Getting back to the story, I then took my first close-up look at her. She was a mess! All her clothing was badly faded, her hands were cracked, chipped and dirty, her neck was chipped, her shoes were dented, and her hair! Oh, the poor girl's hair! Looked like she had been growing dreadlocks for the last 20 years! On the positive side, her face looked to be in pretty good shape. I then opened her dress to take a look inside. Amazing! Not a pneumatic in sight! One motor, one transmission, two cams and that was it. Not only that, but she worked as soon as we plugged her in. Not bad, I thought. However, it was obvious that she was going to need a complete overhaul if she was going to be used with any regularity (which at that point was still being debated by the VPs at the Boardwalk). A museum piece or a working girl. That was the controversy. So we wrapped her up and took her home.
At that point, the restoration process started. It happened in three phases: The first was the restoration of her paper/cardboard "bodywork." Clothing aside, I would say this part of her was in the worst shape. It was weak, torn, the attachment holes were hogged out, and all the edges were ragged.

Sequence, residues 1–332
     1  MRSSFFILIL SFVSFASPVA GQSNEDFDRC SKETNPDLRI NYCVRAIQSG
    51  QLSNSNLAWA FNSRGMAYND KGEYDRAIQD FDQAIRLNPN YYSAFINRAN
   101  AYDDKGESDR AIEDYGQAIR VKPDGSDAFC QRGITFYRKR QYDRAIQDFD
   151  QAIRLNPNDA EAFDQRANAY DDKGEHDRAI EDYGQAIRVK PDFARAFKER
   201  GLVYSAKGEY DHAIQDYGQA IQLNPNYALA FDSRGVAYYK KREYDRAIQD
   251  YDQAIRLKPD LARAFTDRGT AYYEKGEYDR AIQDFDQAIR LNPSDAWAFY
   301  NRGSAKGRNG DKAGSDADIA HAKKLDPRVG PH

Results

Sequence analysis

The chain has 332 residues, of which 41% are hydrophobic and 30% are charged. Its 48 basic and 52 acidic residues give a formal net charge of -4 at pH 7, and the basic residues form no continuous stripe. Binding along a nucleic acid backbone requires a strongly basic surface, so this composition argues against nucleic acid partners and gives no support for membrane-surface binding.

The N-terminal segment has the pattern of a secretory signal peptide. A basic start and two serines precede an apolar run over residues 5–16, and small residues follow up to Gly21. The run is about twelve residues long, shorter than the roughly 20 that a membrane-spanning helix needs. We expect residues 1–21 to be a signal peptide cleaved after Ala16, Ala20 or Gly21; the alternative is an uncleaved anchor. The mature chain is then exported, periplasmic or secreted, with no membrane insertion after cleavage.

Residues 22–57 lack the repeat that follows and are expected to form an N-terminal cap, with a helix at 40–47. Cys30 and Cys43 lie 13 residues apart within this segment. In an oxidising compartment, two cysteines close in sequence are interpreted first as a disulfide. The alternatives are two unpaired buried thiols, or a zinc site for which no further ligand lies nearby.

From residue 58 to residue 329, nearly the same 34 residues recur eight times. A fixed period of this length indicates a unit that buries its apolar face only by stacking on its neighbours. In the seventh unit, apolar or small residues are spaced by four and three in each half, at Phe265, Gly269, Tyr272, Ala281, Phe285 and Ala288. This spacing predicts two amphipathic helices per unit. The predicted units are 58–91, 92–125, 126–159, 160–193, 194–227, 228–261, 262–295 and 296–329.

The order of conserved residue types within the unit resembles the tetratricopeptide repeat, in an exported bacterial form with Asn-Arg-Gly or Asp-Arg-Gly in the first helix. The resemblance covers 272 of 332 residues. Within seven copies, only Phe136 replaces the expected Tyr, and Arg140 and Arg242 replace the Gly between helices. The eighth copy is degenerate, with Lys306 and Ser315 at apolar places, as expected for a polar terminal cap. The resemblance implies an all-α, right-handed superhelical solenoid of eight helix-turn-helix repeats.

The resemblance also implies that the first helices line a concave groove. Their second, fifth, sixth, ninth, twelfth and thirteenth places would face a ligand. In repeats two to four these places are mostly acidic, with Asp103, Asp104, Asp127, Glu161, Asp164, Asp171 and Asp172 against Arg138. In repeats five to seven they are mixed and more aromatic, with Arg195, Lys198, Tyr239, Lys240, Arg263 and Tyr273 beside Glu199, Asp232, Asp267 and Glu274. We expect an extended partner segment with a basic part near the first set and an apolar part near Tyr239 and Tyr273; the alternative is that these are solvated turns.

We sent her back to San Francisco where an antique paper restoration expert by the name of Julie Goldman started working on her. I remember when we first dropped Sal off, Julie seemed at a loss and thought Sal a bit disturbing. Of course Sal has a way of growing on folks. When we returned a few months later to pick her up, it was with fond and heartfelt farewells that Sal departed.

Laffing Sal upon arrival at
Santa Cruz Beach Boardwalk

Top right: Back view of newly arrived Sal showing condition of the molded papier mache upper torso.

Middle left: Front view of head and upper torso.

Bottom right: View of legs showing worn edges of shoes and paint before restoration. A circuit board with relays to control the motor had been attached at some point after the original manufacture.

Back in Santa Cruz with her newly strengthened body, fixed shoes, restored hands, repaired neck, it was time for phase two: The mechanical.